To begin its analysis, the Court pointed to well established case law instructing that “[a] contract is an agreement resulting in obligation enforceable at law.” Borough of West Caldwell v. Borough of Caldwell, 26 N.J. 9, 24 (1958). “[T]he basic features of a contract” are “offer, acceptance, consideration, and performance by both parties.” Shelton v. Restaurant.com, Inc., 214 N.J. 419, 439 (2013). “A contract arises from offer and acceptance, and must be sufficiently definite ‘that the performance to be rendered by each party can be ascertained with reasonable certainty.'” Weichert Co. Realtors v. Ryan, 128 N.J. 427, 435  (1992) (quoting Caldwell, 26 N.J. at 24-25).  For a viable breach of contact claim a party may pursue benefit-of-the-bargain or expectation damages, that is, damages that plaintiff would have earned had the contact not been breached.  See Coyle v. Englander’s, 199 N.J. Super. 212, 214 (App. Div. 1985) (characterizing expectation damages, “i.e., loss of  the benefit of the bargain,” as the “traditional” form of damages for breach of contract). The purpose of such compensating damages “is to put the injured party in as good a position as if performance had been rendered.” Totaro, Duffy, Cannova & Co., L.L.C. v. Lane, Middleton & Co., L.L.C., 191 N.J. 1, 13 (2007) (ellipsis omitted) (quoting Donovan v. Bachstadt, 91 N.J. 434, 444 (1982)). [*23]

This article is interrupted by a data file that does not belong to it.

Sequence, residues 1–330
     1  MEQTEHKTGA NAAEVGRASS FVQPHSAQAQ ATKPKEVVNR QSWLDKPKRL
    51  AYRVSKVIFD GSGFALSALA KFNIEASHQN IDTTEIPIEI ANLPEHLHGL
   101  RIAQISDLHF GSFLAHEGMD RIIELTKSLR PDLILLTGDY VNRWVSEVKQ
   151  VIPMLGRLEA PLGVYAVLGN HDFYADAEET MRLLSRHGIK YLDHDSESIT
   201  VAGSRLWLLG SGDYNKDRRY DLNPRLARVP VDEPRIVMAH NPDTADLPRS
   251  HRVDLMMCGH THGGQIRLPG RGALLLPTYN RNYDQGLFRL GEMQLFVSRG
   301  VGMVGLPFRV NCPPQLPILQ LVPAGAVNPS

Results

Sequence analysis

A promissory estoppel claim is different than a breach of contract claim. Promissory estoppel is made up of four elements: (1) a clear and definite promise; (2) made with the expectation that the promisee will rely on it; (3) reasonable reliance; and (4) definite and substantial detriment.” Toll Bros., Inc. v. Bd. of Chosen Freeholders of Burlington, 194 N.J. 223, 253 (2008); see Model Jury Charges (Civil), 4.10K “Promissory Estoppel” (approved May 1998). It has been long recognized that promissory estoppel is “a departure from the classic doctrine of consideration that the promise and the consideration must purport to be the  motive each for the other,” providing instead that the operative “reliance is on a promise.”  [*24], Friedman v. Tappan Dev. Corp., 22 N.J. 523, 536 (1956).  Under promissory estoppel a successful plaintiff is entitled to reliance damages. In contrast to contract-based expectation damages, reliance damages look backward.